While sensible reforms to the secondary mortgage market are warranted and necessary, Congress should recognize that moving too quickly in winding down Fannie and Freddie will not only breed additional uncertainty in the still struggling housing market, but could prevent taxpayers from recouping funds injected into Fannie and Freddie when the housing market soured and Uncle Sam came to the rescue.

Just last week Freddie reported its first quarterly gain in nearly two years while keeping up with regular dividend payments to Treasury now totaling $11.6 billion. Although the housing market is still fragile, and this gain barely scratches the surface of the amount needed to make taxpayers whole, this news should at least prompt lawmakers to consider reform options that will allow the taxpayer to reap the benefit of future performance from the loans on Fannie and Freddie’s books today.

An additional element of protecting taxpayers is ensuring that a healthy and viable secondary mortgage market is maintained in the short-and long-term. A healthy secondary market means an environment where all credit worthy Americans, no matter the asset size of their financial institution, can achieve homeownership.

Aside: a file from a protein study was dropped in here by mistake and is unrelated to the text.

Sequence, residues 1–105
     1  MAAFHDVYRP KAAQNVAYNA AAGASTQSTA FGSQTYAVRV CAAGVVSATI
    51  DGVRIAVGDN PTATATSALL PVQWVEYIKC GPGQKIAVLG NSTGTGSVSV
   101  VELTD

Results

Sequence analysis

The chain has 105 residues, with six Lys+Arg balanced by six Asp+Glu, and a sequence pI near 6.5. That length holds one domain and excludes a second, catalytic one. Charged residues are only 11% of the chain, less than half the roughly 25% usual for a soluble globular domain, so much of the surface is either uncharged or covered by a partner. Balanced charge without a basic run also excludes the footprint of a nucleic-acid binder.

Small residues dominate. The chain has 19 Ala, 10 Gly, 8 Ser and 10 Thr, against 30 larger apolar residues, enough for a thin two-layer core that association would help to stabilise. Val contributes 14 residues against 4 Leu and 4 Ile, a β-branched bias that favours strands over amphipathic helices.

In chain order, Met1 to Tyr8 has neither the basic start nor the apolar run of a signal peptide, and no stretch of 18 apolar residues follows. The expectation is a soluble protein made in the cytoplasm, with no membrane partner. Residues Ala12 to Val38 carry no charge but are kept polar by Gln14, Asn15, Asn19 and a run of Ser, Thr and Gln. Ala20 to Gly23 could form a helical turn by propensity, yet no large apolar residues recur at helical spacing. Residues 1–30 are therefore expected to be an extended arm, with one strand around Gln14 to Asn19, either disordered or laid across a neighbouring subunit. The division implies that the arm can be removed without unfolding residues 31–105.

Credit unions didn’t contribute to the financial crisis and pride themselves in solid underwriting that creates high quality loans. Any future housing finance system should recognize the past performance of credit unions and other community-based financial institutions by ensuring they can still effectively meet the needs of their members. 

This is a highly complex issue that should be done right rather than quickly. Fannie and Freddie own or guarantee about half of all mortgages in the United States, and any piecemeal congressional action could have serious unintended consequences for current and prospective homeowners. Congress must work in a deliberative way and look at all aspects of federal housing finance policy before moving forward.

Fred R. Becker is the president of the National Association of Federal Credit Unions.